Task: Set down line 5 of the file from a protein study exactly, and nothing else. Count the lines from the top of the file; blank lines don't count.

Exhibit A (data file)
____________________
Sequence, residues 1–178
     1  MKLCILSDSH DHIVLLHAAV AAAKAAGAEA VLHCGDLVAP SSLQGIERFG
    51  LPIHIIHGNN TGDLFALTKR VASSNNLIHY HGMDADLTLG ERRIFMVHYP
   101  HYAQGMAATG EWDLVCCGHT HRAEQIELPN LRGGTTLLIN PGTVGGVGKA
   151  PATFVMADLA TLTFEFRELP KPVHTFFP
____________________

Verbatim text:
   151  PATFVMADLA TLTFEFRELP KPVHTFFP